There are eleven meaty tracks on Too Mean To Die. “Zombie Apocalypse” starts like a mob of shambling dead staggering straight for you that suddenly switch from the slow George Romero zombies to the sprinting 28Days Later zombies. The piercing wiggle in the lead is a clandestine offset to the steady journalistic vocals. The title song hits second, and it will be a crowd pleaser when live music becomes a thing again with its catchy licks and singable chorus structure that is the perfect edifice to hang layered guitar shreds. “Overnight Sensation” adds mid-tempo depth to the set and plays as an honorific to compositions of the past. These three songs are a good overview of the themes and sentiments that recur on the album, combined and rearranged, sifted and separated throughout to create constant vibrant variation.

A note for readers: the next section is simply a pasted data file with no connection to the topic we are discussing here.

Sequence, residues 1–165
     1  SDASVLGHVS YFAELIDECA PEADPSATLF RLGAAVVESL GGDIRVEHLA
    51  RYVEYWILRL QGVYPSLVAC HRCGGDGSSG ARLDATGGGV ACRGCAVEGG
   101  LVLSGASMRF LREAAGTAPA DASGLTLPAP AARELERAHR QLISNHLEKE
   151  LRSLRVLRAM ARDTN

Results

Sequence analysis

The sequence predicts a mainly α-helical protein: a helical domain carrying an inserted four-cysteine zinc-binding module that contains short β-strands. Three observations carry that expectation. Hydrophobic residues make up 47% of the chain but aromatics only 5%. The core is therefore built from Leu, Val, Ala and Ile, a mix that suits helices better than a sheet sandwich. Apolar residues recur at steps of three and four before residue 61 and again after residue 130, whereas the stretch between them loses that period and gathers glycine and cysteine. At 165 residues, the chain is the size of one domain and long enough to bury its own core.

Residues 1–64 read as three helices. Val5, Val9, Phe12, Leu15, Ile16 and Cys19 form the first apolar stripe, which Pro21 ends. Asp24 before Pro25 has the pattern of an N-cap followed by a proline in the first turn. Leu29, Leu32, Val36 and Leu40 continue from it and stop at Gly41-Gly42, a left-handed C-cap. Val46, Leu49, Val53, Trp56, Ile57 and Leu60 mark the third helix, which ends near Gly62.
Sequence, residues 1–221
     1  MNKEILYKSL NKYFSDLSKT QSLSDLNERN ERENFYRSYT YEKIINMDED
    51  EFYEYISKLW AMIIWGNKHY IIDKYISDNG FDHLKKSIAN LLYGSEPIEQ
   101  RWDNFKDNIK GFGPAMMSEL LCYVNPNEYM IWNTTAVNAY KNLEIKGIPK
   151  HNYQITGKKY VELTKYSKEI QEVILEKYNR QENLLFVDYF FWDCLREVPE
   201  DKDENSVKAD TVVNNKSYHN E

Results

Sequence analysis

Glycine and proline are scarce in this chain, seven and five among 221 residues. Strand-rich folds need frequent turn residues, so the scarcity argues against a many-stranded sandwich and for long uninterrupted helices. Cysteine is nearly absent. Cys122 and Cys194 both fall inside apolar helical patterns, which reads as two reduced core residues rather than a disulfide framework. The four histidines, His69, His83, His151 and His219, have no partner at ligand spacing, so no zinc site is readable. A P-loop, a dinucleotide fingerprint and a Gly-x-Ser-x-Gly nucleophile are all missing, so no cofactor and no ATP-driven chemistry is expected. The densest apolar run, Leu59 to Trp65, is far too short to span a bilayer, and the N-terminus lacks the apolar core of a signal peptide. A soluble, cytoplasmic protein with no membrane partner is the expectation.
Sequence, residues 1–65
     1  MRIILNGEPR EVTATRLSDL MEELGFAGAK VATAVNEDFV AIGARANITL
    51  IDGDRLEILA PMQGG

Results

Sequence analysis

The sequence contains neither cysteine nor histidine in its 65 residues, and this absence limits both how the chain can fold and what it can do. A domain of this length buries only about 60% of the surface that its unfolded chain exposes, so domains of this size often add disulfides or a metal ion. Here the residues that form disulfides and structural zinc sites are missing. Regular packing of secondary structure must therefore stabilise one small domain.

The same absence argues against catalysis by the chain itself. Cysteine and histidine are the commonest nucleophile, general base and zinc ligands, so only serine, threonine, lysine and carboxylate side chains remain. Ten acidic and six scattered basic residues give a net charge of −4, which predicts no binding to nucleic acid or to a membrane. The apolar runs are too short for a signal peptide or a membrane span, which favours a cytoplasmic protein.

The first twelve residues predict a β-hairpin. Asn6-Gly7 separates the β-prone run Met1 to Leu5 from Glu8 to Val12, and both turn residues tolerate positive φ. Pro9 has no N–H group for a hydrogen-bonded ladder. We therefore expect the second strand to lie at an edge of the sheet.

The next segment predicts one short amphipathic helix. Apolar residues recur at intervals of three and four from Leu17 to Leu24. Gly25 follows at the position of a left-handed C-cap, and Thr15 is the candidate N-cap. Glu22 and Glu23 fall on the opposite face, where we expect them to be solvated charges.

There are surprises that pop up here and there, like the Beethoven in “Symphony of Pain,” sounding great in the metal guitar interpretation. And there are a couple of songs on the slower side, too, like “The Best Is Yet To Come” and “The Undertaker.” The album goes out with a bang, raising the adrenaline levels with the roaring “Not My Problem” to set up the closer, the mystical instrumental “Samson and Delilah.” This is the sixteenth studio album from Accept – an extraordinary amount of music, and an even more impressive accomplishment when you listen to the new one a realize that band is blazing as bright as ever. Recommended.

Too Mean To Die is out now. Nuclear Blast has all the variants and merch.

Links.

Website, https://www.acceptworldwide.com/

Facebook, https://www.facebook.com/accepttheband

Nuclear Blast, https://shop.nuclearblast.com/en/products/sound/cd/cd/accept-too-mean-to-die.html

Accept, Too Mean To Die (Nuclear Blast 2021)

Armored Saint, Punching The Sky review (Metal Blade Records 2020)

For more than thirty five years, Armored Saint has been banging eardrums. They are back to do it again with Punching The Sky.